Posted in Book Review, Books I have read, Five Star Reads

Interlude – Rupert Smith

Contemporary Fiction 5*'s
Contemporary Fiction

This wonderful book opens with the voice of Helen, a somewhat bored mother of two, married to Richard who works away as a data analyst, a mother who has reached the point in her life when she wants to do something for her. Helen decides to join an evening class in writing and meets a tutor Henry Ross who sees something he likes, something he wants. Is it because she has inherited her talent from her Grandfather, the post-war writer Edward Barton? Could the literary genetics which meant that his book, Interlude was turned into a film be her inheritance?

Helen remembers Edward Barton from her early childhood but there was a family split in her early teens and she hasn’t seen him since. She embarks on a journey to find out more about him, and boy she certainly does that. Helen’s voice is perfectly pitched, you may not admire her actions, but they are certainly both recognisable and understandable from her narrative.

I was momentarily confused when the book switched from Helen to excerpts from Edward Barton’s most famous book, Interlude which tells the story of Derek who joins a theatre in the run up to World War II, historically intriguing with tales of illicit passions and a strong survival instinct to make enough money to keep a roof over his head and some morsels of food to keep him going. These are clues to Edward but the bulk of his narrative appears after his death, when Helen who was given his literary works in his will, discovers diaries and manuscripts which tell a story that twists and turns through lost and found love.

I loved this book, the tale told is fascinating, the time period as expertly described as the emotions and motives that assault the reader as each character’s lack of morals is raised from seediness by the affection Rupert Smith creates, this isn’t a book of black and white, there is always just enough room for doubt that like those sinned against I had an inkling of hope that the emotions were real and this time everything really would be ok for the whole cast of characters, well maybe not Henry Ross, but at the same time knowing that such was the tangled lives that were carefully hidden beneath layers of deception, that this was an impossible outcome.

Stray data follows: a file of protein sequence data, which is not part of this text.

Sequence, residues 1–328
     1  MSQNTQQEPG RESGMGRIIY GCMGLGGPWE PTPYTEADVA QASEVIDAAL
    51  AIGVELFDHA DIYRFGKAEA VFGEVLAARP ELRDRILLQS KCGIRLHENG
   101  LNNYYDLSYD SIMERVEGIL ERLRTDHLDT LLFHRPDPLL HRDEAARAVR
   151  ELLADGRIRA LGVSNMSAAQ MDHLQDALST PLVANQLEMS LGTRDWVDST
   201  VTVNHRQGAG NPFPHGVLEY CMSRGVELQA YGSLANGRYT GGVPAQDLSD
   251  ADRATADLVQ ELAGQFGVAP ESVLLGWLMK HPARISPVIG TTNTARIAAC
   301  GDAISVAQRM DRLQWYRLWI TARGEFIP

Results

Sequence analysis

I received my copy of this book from Amazon Vine, and if I’m honest it isn’t one I’d ever have chosen if it hadn’t appeared in my queue but am I glad it did! This is a truly fantastic find, a read quite unlike any other this year that marries my love of past actions having consequences on the present, family secrets, and these are explosive, and beautiful language that meant I knew I would enjoy the book for the writing alone from the very first page.

This book is one of those where I’ve closed the page but I know that Helen, Edward, Billy and Geraldine will linger on for a long time, in my mind they are real people and there is enough uncertainty that I can conjure up an ending for Helen.


A book lover who clearly has issues as obsessed with crime despite leading a respectable life

17 thoughts on “Interlude – Rupert Smith

  1. This does sound interesting, Cleo. Like you, I enjoy the past/present connection in novels, especially such an interesting past. And flawed, but human and believable characters are always worth reading about. Thanks for sharing!


    1. Rupert Smith did a fantastic job of bringing his characters to life and while none of them were worthy of admiration, they were definitely real characters. I think I loved this book all the more because if I’d known more of the storyline I would have possibly passed on it and I would have missed out.


  2. Ooh, I was offered this on Vine too and rejected it – my iron will-power stint still going strong. I’m regretting that now…must go check out Last Harvest or whatever it’s called these days…


    1. I can honestly say I wouldn’t have chosen this book if I hadn’t been offered it on Vine and then I thought I may have made a mistake. This book is an example of how Vine opened up my reading choices before they changed the rules. This had great writing to back up the flawed characters who made some awful choices.


      1. I know – even with NetGalley I still miss the excitement of old-style Vine Thursdays. But even when I do get offered the occasional interesting book now, I’m reluctant to take it because of the 30-day review rule – I’m afraid I like to decide my own schedule. Most of the books that show up on Vine show up on NG too though…but not this one, it seems…

        Liked by 1 person

  3. I’ve noticed you enjoy books which switch from past to present, with the past invariably having an effect on the present (I can see Kate Morton books in your “shelf” pic at the top!) This sounds really interesting. FictionFan, I’m sure you’ll be allowed a break from “no new books” at Christmas, especially when they’re gifts – although that will send the TBR list up again! I wish I had your will power…


    1. Not the most inspiring cover and I’d never heard of this author but something caught my eye and made me choose it. When I started reading I knew I’d love. I think unexpected finds are even more satisfying in some ways.


    1. I have put as little about the actual content as possible because it links to the secret and I probably would have passed on the book if it had been pitched differently but it was an amazing read with the characters still in my head. 🙂

      Liked by 1 person

  4. Sounds like a fantastic, very complex reading. I haven’t read the original work by Barton, and I actually didn’t know about him. So thank you for bringint it up 😀


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